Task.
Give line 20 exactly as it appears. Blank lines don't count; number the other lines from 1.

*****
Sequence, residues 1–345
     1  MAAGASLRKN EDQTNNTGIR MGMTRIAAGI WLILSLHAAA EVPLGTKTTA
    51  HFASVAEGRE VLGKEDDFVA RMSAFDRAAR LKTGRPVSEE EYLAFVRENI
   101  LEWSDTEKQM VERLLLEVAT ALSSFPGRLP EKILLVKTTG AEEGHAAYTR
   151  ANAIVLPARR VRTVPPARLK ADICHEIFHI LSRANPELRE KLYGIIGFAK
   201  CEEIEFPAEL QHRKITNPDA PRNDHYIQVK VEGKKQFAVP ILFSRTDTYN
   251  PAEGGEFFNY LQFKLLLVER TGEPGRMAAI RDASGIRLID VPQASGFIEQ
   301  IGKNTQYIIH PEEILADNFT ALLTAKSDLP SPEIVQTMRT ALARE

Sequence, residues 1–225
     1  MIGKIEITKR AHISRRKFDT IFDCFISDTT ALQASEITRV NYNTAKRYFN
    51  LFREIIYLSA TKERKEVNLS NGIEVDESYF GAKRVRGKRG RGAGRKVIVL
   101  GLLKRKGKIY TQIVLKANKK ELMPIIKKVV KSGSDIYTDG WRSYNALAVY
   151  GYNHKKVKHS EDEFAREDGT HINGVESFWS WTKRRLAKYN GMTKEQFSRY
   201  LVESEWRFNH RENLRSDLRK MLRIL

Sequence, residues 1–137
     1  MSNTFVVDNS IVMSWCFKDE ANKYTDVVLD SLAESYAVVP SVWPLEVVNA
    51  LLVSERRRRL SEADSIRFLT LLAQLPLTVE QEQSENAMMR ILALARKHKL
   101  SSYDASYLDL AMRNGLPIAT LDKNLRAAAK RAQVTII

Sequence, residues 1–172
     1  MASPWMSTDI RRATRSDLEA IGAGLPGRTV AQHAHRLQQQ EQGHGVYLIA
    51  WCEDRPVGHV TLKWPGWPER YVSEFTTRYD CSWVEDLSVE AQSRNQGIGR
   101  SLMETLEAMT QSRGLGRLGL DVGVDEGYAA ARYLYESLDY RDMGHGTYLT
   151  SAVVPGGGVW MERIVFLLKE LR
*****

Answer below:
     1  MASPWMSTDI RRATRSDLEA IGAGLPGRTV AQHAHRLQQQ EQGHGVYLIA